Microinfusion of calcium (Ca++)-free artificial cerebrospinal fluid onto locus coeruleus (LC) neurons in vivo potently increased their discharge rate, while response of these cells to a sensory stimulus was significantly reduced. These effects resulted in part from interference with the calcium-dependent potassium conductance in these neurons, as microinfusions of solutions having barium substituted for calcium partially mimicked the effects of Ca++-free infusions. In addition, microinfusion of control medium containing the Ca++ channel blocker, cadmium (2-20 mM), also mimicked the effect of the Ca++-free solution. This study presents an effective means by which extracellular concentrations of neuromodulatory ions can be manipulated in vivo. In addition, these results indicate that extracellular Ca++ potently modulates the spontaneous as well as evoked activity of central noradrenergic neurons in vivo.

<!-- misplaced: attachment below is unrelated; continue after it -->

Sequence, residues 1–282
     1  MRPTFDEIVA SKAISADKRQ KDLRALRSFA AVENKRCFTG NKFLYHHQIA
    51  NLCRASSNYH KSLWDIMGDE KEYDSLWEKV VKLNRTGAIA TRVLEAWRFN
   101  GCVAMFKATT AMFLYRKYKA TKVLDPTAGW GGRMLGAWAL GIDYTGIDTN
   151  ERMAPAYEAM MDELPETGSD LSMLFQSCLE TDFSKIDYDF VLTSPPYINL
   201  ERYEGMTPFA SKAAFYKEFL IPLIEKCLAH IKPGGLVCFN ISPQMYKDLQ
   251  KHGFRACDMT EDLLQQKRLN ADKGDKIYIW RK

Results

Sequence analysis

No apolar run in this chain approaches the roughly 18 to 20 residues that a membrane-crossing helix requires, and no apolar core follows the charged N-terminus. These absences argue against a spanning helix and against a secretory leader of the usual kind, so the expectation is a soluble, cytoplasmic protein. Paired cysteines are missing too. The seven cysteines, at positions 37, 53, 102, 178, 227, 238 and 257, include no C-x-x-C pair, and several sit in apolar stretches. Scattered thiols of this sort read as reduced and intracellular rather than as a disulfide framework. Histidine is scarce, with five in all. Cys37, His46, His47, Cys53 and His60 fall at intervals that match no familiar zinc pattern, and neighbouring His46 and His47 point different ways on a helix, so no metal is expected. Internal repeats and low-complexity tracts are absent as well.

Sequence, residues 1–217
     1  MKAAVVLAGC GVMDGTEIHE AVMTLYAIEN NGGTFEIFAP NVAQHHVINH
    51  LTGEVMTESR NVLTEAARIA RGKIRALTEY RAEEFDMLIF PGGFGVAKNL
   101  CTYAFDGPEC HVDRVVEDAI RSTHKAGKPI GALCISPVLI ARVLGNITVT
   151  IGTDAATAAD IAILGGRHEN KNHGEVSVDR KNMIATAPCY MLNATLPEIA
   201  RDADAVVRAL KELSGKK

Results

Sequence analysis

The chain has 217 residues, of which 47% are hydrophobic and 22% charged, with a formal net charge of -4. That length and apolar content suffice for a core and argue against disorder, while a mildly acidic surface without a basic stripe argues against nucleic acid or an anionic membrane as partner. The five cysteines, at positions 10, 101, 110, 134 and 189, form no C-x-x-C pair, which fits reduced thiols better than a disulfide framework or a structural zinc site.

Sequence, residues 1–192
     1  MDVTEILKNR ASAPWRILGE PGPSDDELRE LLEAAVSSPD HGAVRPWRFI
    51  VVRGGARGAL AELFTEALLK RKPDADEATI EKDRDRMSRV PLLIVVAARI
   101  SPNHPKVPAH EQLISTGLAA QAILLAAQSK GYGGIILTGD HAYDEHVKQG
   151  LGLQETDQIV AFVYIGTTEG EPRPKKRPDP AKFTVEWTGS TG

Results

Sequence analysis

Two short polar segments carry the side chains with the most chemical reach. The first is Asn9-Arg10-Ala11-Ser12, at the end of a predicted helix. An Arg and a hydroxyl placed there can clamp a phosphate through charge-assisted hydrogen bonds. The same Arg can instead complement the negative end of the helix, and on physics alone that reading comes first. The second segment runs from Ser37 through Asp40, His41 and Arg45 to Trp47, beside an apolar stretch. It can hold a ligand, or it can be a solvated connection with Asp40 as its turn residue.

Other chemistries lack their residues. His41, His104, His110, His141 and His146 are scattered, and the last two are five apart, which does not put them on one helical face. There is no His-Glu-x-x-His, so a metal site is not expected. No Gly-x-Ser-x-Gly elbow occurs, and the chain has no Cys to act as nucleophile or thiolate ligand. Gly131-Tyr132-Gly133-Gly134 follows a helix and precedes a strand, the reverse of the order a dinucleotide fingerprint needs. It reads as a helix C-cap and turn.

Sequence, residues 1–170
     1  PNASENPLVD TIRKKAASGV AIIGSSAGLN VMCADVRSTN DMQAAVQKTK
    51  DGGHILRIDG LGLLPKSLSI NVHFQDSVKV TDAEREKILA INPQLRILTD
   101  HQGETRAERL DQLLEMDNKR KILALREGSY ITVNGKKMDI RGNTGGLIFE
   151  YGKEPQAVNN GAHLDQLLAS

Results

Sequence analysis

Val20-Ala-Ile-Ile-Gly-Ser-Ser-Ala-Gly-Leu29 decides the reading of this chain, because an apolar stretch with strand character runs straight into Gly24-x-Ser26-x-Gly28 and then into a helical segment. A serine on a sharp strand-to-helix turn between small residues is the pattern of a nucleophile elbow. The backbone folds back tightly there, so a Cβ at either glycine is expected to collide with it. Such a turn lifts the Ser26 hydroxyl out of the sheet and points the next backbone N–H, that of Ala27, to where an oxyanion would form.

- Calcium-dependent potassium conductance
- Extracellular fluid
- Locus coeruleus
- Micropressure application
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